For more information on the Journal Publication Etihcs, Please click here.

Editorial Policies:

 - Competing interests

 - Human and Animal rights

 - Informed consent 

Competing interests or conflict interest:  Health in Emergencies and Disasters quarterly requires authors to declare all competing interests in relation to their work. All submitted manuscripts must include a ‘competing interests’ section at the end of the manuscript listing all competing interests (financial and non-financial). Where authors have no competing interests, the statement should read “The authors have declared that no competing interests exist.” Editors may ask for further information relating to competing interests. Editors and reviewers are also required to declare any competing interests and will be excluded from the peer review process if a competing interest exists.

Human and Animal rights: All research must have been carried out within an appropriate ethical framework. If there is suspicion that work has not taken place within an appropriate ethical framework, Editors will follow the Misconduct policy and may reject the manuscript, and/or contact the author(s)’ institution or ethics committee. On rare occasions, if the Editor has serious concerns about the ethics of a study, the manuscript may be rejected on ethical grounds, even if approval from an ethics committee has been obtained. The authors should obtain code of ethics from Ethical committee before the submission and also for protection of human subjects in research projects, criteria for Institutional Review Board (IRB) should be under consideration.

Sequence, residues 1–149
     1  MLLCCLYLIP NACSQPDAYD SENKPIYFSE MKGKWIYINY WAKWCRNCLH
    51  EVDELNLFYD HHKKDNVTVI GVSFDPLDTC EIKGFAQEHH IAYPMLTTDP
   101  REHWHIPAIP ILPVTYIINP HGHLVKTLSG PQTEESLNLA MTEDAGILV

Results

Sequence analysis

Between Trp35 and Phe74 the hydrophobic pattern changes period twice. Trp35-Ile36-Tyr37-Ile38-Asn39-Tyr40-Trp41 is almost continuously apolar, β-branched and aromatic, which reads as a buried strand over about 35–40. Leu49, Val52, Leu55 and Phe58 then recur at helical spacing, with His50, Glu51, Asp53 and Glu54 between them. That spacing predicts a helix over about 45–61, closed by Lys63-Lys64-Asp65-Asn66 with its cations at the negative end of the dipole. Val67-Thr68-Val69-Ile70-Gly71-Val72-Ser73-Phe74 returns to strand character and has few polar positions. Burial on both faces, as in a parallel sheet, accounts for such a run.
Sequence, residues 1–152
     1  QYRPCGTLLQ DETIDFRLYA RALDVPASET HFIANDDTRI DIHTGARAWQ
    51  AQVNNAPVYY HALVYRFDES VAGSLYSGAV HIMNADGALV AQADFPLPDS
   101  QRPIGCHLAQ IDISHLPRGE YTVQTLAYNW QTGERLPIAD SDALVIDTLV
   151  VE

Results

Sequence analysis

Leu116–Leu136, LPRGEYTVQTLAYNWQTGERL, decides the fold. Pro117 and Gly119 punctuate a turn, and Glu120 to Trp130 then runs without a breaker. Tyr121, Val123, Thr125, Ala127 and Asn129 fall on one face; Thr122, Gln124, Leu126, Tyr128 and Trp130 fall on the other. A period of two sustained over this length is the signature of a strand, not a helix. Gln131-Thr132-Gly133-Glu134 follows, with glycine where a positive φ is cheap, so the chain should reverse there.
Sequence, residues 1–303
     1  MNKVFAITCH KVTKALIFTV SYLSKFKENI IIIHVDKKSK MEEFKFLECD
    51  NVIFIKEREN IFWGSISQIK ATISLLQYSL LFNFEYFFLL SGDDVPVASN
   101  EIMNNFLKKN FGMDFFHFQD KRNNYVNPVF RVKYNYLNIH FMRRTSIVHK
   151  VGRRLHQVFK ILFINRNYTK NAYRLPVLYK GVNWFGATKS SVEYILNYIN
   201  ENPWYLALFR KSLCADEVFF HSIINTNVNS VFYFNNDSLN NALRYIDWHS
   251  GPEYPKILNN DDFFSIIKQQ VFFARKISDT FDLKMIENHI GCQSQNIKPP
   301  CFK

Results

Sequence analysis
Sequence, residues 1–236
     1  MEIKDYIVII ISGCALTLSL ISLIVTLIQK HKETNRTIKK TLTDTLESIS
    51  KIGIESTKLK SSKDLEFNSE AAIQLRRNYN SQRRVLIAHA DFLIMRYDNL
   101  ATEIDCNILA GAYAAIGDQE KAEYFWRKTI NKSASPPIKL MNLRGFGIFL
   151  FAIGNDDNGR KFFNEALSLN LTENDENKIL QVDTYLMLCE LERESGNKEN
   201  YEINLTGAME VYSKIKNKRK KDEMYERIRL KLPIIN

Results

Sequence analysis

Informed consent: For all research involving human subjects, informed consent to participate in the study should be obtained from participants (or their parent or guardian in the case of children under 16) and a statement to this effect should appear in the manuscript. For all manuscripts that include details, images, or videos relating to individual participants, written informed consent for the publication of these must be obtained from the participants (or their parent or legal guardian in the case of children under 16) and a statement to this effect should appear in the manuscript. If the participant has died, then consent for publication must be sought from the next of kin of the participant. This documentation must be made available to Editors on request, and will be treated confidentially. In cases where images are entirely unidentifiable and there are no details on individuals reported within the manuscript, consent for publication of images may not be required. The final decision on whether consent to publish is required lies with the Editor.

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